Katie Ribbens—Staff Writer
“A girl hit me on the head when we were both going for the ball,” said Hailey Ten Pas, a sophomore at Dordt and a member of the women’s soccer team, as she peered up from her Dordt soccer cap.
Recovering from a concussion, she donned it to block the light from her sensitive eyes and dull the throbbing in her skull.
“And that took a lot of time to think about because I cannot remember.”
It only takes one impact to throw your brain—sloshing around in fluid—against your skull, perhaps causing permanent damage. A mild traumatic brain injury or concussion can cause anything from headaches and nausea to loss of balance and amnesia.
According to the Centers for Disease Control and Prevention (CDC), about 5.3 million Americans suffer from a brain injury-related disability. The National Library of Medicine attributes concussions for 80-90% of brain injuries and classify them as a major national health concern. As concussion numbers steadily increase, experts worry about the long-term effects.
Dr. Bruce Vermeer, a psychology professor at Dordt, recently attended the annual conference of the National Academy of Neuropsychology. Leading authorities on chronic traumatic encephalopathy, or CTE, presented the latest information in the field. CTE, which is caused by repeated head injuries, is a major concern to those who have had concussions. Vermeer is concerned that sub-concussive impacts, which are more common than concussions, could be causing more damage.
“It’s the same kind of a blow to the head, but you don’t have the classic concussion symptoms develop,” Vermeer said. Without symptoms, individuals continue functioning as normal and don’t take precautions. “Even a sub-concussive impact can cause a cascading effect of neurometabolic processes.”
Repeated hits to the head cause a buildup of a natural tau proteins in the brain. In excessive amounts, they clumps together and kill neurons, or brain cells, which drastically affects the brain’s ability to function. Some common symptoms include paranoia, dementia, and difficulty modulating normal behavior, particularly aggression.
“Not everybody who experiences repetitive head impacts are going to go on to experience or develop CTE down the road,” Dr. Vermeer said. However, the risk is much higher for career athletes.
Soccer is classified as a high-risk sport since it encourages the player to hit the ball with their head. Six students from Dordt University’s women’s soccer team have been diagnosed with concussions this season.
“I don’t think it’s anything that they’ve [the coaches have] done,” Hannah Glynn, a junior at Dordt and member of the soccer team said. “I think we just got really unlucky.”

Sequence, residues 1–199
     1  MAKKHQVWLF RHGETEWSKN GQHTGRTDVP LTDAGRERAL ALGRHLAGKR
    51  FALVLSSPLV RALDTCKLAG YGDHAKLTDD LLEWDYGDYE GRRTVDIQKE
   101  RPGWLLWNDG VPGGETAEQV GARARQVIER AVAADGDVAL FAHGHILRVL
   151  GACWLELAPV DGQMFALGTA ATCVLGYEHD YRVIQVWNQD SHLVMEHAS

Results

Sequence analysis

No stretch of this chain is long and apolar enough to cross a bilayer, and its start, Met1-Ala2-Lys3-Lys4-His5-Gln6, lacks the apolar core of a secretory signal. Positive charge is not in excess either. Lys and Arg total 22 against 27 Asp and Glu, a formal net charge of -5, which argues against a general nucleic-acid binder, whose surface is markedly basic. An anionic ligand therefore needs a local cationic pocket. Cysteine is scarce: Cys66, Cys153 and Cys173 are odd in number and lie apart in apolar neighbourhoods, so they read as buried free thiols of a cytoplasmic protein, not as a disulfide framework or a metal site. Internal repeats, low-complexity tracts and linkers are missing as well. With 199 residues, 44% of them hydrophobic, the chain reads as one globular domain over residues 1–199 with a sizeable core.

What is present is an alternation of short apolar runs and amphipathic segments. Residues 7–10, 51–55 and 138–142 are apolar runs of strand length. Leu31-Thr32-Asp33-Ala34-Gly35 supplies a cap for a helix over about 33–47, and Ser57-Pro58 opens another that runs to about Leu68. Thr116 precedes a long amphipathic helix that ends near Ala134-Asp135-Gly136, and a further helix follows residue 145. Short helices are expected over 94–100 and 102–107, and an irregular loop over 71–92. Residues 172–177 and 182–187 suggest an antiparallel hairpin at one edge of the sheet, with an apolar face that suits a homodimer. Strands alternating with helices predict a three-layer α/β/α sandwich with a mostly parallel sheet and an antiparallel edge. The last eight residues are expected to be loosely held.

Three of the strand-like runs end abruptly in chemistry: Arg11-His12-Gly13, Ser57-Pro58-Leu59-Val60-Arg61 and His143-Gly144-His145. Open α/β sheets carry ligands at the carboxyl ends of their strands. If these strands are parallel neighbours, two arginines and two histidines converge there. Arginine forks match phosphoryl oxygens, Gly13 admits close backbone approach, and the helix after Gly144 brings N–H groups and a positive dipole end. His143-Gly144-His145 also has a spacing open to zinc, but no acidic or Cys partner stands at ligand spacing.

The coaches are very cautious whenever one of their players gets hit in the head and quickly tests them for concussions. However, Ten Pas suffered from one for five days and attended soccer practice like normal before seeking medical attention.
“I was very disappointed because right now we have a lot of teammates out,” Ten Pas said.
Glynn, who is also experiencing the effects of a concussion, felt optimistic about the season regardless of the number of players out of commission. w“Even though we have a lot more concussions than we’ve ever had before, I think we also have a lot better players than we’ve ever had before,” Glynn said. “So
when somebody is out, we have somebody who can fill in really well.”
The causes for concussions vary as much as their symptoms. Ten Pas collided with another player, Glynn slipped on the ball and fell to the ground, and another player was hit in the head with a ball.
Vermeer said it is possible the differences in symptoms is due to the part of the head that is hit. The back of the brain is responsible for balance. If that area is hit, the person will experience more dizziness. If the side of the brain is injured, the person may have more difficulty with memory and mood control.
While Ten Pas didn’t have to miss class, Glynn was forced to take a week off. Even when back in class, she had trouble keeping up.
“The best way to describe it is you feel kind of like a step behind everyone,” Glynn said. She appreciated how much her professors worked with her.
However, she cannot let her concussions alter the way she plays. When she’s on the field, Glynn has to be aggressive. While she worries about long-term effects of head impacts, she doesn’t plan to stop playing unless she continues experiencing detrimental symptoms.
“I’d have to get at least one or two more concussions before I really consider stopping,” Glynn said.
Ten Pas agreed that one concussion isn’t enough to deter her from playing.
“I’m so passionate about it,” Ten Pas said. “I really want to do everything I can to play.”